- Use crayons and pencils to colour in the body of the turkey.
- Decorate the turkey’s feathers with as many different textures and materials as you can find around the house and garden (e.g. buttons, feathers, glitter, cinnamon, dried herbs, scrunched up leaves, pipe cleaners).
This activity is great for refining grasp patterns and provides opportunities for tactile discrimination, hand/wrist strength & stability and hand-eye coordination.
5. Christmas Tree Finger Painting
Your little one can enjoy decorating their very own Christmas Tree with finger paints and this printable tree outline.
Add different coloured baubles to the branches and a star to the top of the tree. Dip pieces of string in paint and press them onto the picture to make fairy lights and tinsel. (You can either let the painted string dry in position for a 3D tree, or lift it straight back off to leave the coloured line on the picture).
This activity is great for finger isolation, arch development and honing hand-eye coordination.
6. Clothes-Peg Ornament Counting
This activity provides a great opportunity to work on that dexterity! Our Christmas trees are looking a little bare! Print them out and ask your little one to add the number of baubles in the star to each tree.
Children can use their fingers to add the ornaments. However, it’s more fun to challenge them to use a clothes-peg or tweezers instead. Cotton buds, pom-poms, or even cheerios, work well as the ornaments.
This activity is great for finger strengthening, refining grasp patterns, hand-eye coordination and pre-academic skills.
7. Stocking Lace-Ups
Another great activity in our line-up of Christmas crafts for toddlers and young children: help your little one learn how to weave with these stocking cut-outs.
- Download the stocking printable and print on card (paper is prone to ripping for this activity).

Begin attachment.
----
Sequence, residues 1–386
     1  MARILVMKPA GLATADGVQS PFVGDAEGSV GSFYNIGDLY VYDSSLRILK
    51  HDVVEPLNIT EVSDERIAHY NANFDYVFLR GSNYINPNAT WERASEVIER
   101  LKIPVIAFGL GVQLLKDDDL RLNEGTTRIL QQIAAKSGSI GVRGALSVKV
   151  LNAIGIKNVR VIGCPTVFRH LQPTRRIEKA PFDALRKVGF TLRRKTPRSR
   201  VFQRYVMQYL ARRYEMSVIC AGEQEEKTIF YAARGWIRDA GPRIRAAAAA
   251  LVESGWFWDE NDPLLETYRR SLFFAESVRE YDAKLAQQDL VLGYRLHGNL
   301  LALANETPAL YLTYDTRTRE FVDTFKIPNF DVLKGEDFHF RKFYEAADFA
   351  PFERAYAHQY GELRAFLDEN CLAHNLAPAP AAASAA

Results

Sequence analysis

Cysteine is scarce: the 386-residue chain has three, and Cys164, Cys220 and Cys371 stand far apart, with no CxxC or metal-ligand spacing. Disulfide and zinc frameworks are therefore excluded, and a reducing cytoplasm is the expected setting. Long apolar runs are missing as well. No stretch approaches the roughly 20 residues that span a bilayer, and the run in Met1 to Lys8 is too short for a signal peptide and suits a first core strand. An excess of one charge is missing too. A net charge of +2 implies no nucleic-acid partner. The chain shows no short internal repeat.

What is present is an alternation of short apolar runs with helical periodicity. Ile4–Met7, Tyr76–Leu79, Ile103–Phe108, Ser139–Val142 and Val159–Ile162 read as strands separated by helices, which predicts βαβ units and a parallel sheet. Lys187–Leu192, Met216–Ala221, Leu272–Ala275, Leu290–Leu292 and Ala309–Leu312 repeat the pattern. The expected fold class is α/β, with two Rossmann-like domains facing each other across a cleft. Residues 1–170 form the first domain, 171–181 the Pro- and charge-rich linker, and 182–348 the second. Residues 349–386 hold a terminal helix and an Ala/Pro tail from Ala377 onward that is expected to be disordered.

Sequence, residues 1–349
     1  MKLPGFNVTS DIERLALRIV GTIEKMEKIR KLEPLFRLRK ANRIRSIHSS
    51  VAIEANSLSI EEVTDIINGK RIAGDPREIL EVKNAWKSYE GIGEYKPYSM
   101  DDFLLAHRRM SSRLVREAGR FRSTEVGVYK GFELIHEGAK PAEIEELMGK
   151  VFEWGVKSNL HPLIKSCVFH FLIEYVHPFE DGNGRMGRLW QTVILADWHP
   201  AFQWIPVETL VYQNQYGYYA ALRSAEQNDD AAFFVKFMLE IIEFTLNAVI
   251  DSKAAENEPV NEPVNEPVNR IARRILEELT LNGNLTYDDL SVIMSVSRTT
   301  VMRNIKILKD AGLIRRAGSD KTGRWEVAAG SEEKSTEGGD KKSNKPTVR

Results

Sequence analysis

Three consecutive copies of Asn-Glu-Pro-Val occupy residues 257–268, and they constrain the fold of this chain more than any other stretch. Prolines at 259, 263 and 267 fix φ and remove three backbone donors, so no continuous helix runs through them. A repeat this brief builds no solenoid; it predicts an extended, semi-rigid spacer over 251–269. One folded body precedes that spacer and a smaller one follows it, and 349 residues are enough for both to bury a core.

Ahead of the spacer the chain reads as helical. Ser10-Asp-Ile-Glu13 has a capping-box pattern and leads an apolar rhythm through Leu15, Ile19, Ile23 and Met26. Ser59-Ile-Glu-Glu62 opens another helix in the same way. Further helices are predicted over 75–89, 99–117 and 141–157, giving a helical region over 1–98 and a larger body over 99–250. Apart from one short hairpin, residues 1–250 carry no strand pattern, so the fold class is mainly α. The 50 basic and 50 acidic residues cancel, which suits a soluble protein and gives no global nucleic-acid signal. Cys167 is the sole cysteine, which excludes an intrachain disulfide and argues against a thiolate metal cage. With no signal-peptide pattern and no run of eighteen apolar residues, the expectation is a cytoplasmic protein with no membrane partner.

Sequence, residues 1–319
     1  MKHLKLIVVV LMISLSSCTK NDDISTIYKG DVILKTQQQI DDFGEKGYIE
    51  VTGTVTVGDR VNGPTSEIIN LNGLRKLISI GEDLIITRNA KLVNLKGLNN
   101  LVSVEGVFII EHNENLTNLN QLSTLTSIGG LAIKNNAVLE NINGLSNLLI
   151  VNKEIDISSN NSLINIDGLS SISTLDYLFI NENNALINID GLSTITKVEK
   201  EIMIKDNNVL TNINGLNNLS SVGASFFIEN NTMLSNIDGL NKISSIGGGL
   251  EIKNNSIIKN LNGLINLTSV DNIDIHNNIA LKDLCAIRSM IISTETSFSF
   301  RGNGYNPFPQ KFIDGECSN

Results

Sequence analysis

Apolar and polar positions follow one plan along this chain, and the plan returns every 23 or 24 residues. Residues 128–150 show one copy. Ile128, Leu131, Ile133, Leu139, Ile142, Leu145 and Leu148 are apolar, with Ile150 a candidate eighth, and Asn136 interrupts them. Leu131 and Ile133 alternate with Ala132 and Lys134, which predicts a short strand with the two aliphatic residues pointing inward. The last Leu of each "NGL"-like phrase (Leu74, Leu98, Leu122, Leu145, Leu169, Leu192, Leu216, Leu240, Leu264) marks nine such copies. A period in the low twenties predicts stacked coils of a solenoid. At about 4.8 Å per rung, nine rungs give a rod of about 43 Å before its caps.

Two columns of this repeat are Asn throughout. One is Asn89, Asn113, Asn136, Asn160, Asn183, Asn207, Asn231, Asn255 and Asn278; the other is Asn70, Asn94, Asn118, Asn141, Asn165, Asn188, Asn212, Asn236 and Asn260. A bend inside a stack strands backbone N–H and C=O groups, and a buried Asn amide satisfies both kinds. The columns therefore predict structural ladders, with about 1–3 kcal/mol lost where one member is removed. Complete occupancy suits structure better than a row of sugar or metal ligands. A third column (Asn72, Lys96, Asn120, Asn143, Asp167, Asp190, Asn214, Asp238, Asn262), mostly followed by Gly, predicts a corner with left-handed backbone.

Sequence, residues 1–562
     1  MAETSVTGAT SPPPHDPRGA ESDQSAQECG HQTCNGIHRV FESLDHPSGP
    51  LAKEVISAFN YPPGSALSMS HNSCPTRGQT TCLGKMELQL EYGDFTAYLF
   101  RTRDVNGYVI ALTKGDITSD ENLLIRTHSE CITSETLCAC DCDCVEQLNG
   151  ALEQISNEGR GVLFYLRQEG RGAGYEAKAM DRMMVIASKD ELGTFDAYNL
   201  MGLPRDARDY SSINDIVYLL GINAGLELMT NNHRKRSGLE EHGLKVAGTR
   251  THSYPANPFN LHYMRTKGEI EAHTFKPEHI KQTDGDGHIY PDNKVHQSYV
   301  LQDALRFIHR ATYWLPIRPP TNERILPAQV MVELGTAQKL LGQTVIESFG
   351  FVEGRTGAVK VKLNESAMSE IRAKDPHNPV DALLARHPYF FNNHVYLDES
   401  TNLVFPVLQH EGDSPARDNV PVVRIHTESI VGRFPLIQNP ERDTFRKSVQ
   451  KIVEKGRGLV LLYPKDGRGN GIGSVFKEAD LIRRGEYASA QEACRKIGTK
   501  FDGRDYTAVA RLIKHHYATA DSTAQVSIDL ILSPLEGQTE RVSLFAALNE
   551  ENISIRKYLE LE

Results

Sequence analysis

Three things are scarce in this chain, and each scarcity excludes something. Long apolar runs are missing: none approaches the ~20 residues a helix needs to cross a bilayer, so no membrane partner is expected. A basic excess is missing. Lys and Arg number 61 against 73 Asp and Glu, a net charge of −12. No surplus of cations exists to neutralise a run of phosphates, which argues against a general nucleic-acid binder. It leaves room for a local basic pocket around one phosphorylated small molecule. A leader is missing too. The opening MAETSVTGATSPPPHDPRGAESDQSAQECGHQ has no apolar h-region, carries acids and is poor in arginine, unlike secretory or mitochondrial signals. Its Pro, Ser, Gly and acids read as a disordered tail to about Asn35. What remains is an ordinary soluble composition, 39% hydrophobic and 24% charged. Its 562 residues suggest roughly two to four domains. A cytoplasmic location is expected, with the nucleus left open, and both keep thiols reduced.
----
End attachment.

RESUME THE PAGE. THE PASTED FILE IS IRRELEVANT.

- Use a hole-punch to add the holes to the edges of the stockings.
- Let your little one weave wool or ribbon through the holes to create a pretty edging to their stocking.
- Glue cotton wool to the top of the stocking for a really festive look.
Sunhats & Wellie Boots have a great extension to this activity – make a double-sided stocking which can be filled with little treats to gift to a friend.
This activity is great for bilateral coordination, hand-eye coordination and finger/hand strength.
8. Cookie Decorating
Last, but by no means least, cookie decorating is a perfect activity for little hands!
Make things as easy as you wish. Buy a packet of rich tea or digestive biscuits, or make your own. Buy some ready-made white icing, or get busy in the kitchen.
For inspiration on how to decorate your cookies, check out our Ideas for Easy Christmas Cookie Decorating.
Get your little one to help you stir in any food colouring and spread the icing over the biscuits.
Then lay out a selection of festive sprinkles and let the creativity begin! A perfect addition to a North Pole Breakfast!
This activity is great for bilateral coordination, utensil use and refining grasp patterns.
Did you enjoy our Christmas crafts for toddlers & young children? Let us know in the comments below. For lots more family festive fun at home, click here.